We've had periods in American history, certainly during—anyone who has talked to grandparents or great-grandparents who remember the Second World War, no one was buying new cars, they weren't available, there was rationing. Again, the country wasn't imperiled. I'm not saying that a trade war with China would lead to rationing of goods or anything of that sort, but it might mean that there's a smaller selection for which you're paying a higher price.
We've seen that appeals to patriotism were not enough in the last decade to get Americans to say, "I'm going to pay $40 more for a pair of shoes that were made in the United States by American workers if I can buy"—not just from China or from some other country where if you said, "Well, but what about your fellow citizens who are shoemakers and the like?"
Trade war with China? Possibly then we would have some of these inputs no longer coming in. Are Americans willing to pay a higher price and say that that's the price that they're willing to pay?
We've seen this debate about the Walmart effect. Walmart puts small shopkeepers out of business and potentially puts American companies out of business because they can't source per Walmart's price requirements. On the other hand, people have said, "Walmart has brought a wide array of goods to lower-income Americans who otherwise would not have had access to them." Again, there's that tension in how that would be resolved.
Again, the question also I think that people are concerned with, this question of losing a trade war is the impact on third countries. Are we going to provoke trade wars not only with China but also with other countries, friends, allies, and then how long can you do this?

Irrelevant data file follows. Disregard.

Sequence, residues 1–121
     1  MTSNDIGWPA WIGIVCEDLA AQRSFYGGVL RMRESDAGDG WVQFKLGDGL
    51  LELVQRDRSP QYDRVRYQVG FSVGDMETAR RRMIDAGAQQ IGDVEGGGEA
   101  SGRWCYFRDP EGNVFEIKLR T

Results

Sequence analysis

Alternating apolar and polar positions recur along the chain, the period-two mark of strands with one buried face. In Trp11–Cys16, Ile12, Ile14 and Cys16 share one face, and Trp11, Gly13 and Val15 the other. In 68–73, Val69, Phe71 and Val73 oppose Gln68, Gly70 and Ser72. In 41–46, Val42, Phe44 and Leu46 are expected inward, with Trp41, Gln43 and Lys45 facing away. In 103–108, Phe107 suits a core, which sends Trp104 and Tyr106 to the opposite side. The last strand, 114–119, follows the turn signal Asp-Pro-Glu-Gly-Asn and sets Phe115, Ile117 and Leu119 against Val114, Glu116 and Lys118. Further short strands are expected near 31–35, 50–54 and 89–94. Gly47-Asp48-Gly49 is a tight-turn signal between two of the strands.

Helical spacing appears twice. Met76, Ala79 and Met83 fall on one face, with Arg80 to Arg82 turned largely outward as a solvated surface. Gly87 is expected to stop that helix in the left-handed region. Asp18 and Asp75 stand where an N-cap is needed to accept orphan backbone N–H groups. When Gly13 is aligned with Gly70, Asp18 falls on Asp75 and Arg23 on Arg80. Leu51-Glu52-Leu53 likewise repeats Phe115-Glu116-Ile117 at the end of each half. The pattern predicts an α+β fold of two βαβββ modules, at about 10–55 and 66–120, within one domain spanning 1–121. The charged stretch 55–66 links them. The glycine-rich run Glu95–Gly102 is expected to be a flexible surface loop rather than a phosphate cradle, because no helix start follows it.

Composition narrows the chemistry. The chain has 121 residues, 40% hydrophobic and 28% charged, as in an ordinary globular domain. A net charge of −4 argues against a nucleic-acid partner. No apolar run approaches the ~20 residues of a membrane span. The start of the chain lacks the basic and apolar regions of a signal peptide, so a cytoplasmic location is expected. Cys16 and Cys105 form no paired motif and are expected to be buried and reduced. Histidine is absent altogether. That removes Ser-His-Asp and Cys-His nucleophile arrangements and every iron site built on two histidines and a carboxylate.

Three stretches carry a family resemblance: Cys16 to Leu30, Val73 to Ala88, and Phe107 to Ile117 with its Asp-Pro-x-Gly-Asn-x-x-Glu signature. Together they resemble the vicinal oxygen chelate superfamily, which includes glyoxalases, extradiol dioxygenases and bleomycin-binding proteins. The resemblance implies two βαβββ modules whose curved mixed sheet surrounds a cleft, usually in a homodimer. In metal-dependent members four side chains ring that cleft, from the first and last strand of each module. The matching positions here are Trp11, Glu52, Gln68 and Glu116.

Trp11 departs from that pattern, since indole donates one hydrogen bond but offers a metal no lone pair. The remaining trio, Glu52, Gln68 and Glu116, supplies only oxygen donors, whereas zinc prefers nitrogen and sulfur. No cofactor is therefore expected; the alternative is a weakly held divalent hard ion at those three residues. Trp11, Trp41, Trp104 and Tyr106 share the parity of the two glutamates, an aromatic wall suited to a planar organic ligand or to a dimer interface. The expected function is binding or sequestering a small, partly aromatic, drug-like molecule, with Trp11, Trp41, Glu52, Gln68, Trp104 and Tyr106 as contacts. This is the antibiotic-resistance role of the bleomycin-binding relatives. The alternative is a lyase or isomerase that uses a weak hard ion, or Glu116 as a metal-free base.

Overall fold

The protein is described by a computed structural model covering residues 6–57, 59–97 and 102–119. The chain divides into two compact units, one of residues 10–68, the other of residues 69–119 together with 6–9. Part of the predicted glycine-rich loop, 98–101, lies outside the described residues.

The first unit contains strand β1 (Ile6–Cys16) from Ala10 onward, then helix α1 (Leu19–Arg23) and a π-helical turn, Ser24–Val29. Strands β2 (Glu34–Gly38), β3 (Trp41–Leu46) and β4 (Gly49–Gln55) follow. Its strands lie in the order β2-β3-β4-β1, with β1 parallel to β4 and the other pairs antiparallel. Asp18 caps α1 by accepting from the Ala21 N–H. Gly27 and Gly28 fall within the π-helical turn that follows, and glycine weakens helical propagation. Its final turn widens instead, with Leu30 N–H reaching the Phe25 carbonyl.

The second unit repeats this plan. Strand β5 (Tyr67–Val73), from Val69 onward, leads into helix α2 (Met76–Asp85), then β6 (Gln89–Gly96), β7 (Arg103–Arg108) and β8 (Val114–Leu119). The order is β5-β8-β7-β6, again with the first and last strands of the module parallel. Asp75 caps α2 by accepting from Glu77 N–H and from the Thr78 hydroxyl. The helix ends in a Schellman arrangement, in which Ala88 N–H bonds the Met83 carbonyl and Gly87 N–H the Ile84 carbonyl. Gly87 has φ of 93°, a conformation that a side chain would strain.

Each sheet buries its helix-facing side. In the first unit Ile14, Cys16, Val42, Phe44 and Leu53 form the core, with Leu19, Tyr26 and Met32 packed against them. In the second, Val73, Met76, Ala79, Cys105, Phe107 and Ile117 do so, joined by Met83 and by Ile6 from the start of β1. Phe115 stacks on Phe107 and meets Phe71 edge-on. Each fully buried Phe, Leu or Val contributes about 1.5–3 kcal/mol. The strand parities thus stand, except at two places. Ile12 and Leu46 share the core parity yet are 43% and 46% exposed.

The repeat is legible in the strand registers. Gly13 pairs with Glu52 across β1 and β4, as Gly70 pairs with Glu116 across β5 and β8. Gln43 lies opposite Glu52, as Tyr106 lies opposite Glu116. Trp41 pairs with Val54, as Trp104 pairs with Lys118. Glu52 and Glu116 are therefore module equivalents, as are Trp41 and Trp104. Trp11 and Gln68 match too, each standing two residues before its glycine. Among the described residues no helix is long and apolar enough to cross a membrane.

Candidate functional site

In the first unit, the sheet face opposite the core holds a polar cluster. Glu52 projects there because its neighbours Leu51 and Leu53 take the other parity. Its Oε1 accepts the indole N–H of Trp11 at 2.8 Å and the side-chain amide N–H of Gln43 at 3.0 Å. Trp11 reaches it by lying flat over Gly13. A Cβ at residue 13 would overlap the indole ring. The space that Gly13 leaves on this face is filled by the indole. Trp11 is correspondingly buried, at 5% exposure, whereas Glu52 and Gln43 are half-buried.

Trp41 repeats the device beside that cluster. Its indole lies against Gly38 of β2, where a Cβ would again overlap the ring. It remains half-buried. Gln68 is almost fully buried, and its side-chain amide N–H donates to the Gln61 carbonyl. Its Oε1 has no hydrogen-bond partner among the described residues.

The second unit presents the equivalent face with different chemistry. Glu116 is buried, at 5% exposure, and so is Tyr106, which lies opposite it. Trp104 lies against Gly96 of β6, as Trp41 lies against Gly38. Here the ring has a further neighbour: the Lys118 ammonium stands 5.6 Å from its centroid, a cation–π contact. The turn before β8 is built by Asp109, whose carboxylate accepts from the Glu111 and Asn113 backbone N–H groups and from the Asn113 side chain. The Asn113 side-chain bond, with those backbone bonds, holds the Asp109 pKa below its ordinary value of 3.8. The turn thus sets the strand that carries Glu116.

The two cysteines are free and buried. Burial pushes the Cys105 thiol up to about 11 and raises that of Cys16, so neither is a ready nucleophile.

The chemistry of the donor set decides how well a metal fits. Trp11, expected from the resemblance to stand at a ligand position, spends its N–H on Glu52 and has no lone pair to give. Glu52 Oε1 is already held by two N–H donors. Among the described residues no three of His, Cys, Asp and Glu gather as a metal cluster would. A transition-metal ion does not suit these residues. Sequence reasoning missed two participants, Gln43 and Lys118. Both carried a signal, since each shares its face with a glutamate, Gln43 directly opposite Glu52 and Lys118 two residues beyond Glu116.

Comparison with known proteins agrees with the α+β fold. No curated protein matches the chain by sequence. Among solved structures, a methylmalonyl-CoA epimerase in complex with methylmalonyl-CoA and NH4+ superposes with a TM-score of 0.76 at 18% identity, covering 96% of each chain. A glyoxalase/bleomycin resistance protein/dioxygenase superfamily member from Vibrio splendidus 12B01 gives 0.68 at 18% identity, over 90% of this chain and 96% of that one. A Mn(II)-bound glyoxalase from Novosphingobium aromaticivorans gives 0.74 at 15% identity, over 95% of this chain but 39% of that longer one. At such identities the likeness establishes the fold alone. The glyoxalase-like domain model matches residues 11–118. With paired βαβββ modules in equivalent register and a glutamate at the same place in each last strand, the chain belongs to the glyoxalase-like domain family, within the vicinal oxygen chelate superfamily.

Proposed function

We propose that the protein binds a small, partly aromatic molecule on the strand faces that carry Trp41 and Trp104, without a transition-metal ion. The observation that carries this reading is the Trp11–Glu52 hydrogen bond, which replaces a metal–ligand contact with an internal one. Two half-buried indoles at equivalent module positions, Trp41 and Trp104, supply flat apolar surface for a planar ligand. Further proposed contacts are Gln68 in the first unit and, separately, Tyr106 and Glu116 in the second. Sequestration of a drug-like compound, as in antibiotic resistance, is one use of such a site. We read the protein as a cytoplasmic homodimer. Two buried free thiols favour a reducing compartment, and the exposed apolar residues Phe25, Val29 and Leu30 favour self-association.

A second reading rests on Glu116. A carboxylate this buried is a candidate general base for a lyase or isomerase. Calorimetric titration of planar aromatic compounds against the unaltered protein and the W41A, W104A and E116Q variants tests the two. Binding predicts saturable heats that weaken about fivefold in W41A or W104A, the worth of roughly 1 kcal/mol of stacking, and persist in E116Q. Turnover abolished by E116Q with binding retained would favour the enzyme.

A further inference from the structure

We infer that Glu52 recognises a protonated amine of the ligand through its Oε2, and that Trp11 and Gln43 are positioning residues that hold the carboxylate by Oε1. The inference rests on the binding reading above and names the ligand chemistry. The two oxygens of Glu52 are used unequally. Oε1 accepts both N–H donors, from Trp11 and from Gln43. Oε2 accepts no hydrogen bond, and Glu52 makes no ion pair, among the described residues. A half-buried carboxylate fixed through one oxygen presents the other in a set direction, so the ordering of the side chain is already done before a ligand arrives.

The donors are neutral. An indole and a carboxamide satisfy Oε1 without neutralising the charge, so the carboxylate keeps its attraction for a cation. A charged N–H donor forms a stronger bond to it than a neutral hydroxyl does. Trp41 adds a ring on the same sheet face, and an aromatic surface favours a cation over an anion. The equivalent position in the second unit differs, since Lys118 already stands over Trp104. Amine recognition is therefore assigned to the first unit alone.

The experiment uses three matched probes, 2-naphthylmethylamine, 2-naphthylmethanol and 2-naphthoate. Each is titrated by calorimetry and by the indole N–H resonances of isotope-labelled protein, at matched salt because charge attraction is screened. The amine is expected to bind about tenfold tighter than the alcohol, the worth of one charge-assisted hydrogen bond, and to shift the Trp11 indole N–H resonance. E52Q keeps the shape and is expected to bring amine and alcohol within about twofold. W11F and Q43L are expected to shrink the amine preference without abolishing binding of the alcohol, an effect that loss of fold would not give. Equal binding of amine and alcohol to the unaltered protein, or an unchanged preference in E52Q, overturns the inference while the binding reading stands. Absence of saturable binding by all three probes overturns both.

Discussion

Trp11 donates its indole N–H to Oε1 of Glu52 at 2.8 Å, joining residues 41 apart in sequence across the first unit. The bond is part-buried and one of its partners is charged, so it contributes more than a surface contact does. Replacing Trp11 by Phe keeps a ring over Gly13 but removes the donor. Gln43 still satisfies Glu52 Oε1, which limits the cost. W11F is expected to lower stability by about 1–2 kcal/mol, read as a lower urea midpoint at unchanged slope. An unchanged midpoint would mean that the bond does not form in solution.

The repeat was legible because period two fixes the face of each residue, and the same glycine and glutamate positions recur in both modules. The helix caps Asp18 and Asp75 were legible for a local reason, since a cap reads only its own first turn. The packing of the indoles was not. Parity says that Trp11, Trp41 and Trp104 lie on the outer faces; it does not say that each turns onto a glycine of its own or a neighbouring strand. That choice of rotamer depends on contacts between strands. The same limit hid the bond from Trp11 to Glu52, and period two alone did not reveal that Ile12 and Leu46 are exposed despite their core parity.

Ultimately the question is, is this something that'll make America stronger and is the rest of the world weaker as a result? Are we going back to the 1930s beggar-thy-neighbor policies, and if you believe that that was one of the precipitating causes for military conflict, then you would have concerns about that.
On the other hand—this also, by the way, ties to climate change. I have no way of confirming any of this, but there has been some work done that says a trade war with China plus things like America pulling out of Paris climate accords and other things that China is more susceptible to climate disruption than the United States. If you see this, for lack of a better analogy, as a demolition derby—trade wars, climate, and other things—the idea is that the United States will get damaged but will come out, and China will be more significantly damaged.
So, if you believe that a U.S.–China conflict is inevitable, then you may again say that in a trade war, "Yeah, America will take losses," but if you think it knocks China off its perch as a rising power and forces them to be more inward-looking, then you might say that's a worthwhile strategy to pursue. I actually think that at least some within the current administration believe that this is a "race to the bottom" that America can win and China cannot.
ALEX WOODSON: That's a frightening thought.